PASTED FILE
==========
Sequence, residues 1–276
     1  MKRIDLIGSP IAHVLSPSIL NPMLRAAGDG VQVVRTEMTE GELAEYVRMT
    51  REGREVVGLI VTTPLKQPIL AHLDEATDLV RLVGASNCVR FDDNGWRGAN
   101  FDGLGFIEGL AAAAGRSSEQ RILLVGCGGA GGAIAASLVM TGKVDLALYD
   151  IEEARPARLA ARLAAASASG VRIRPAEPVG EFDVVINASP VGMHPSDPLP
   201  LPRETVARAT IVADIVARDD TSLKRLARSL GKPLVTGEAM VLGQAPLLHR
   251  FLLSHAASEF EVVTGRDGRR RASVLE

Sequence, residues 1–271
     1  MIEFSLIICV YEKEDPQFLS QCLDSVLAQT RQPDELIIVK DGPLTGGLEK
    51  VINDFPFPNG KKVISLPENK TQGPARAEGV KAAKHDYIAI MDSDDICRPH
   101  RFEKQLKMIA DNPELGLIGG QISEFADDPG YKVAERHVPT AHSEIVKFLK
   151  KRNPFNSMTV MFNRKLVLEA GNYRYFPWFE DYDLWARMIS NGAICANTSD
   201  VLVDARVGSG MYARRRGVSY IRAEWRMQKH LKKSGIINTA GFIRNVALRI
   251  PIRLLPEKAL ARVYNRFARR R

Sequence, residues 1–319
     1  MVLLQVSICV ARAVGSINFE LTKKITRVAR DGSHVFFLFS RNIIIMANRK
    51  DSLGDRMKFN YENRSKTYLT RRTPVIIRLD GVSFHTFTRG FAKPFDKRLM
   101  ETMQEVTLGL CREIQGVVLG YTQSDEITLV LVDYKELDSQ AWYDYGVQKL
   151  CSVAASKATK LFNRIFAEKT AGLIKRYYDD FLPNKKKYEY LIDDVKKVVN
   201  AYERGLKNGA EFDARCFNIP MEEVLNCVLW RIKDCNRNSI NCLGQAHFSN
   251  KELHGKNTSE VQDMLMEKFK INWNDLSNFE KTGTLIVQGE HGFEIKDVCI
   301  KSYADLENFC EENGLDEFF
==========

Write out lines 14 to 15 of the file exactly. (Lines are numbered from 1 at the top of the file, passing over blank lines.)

   251  PIRLLPEKAL ARVYNRFARR R

Sequence, residues 1–319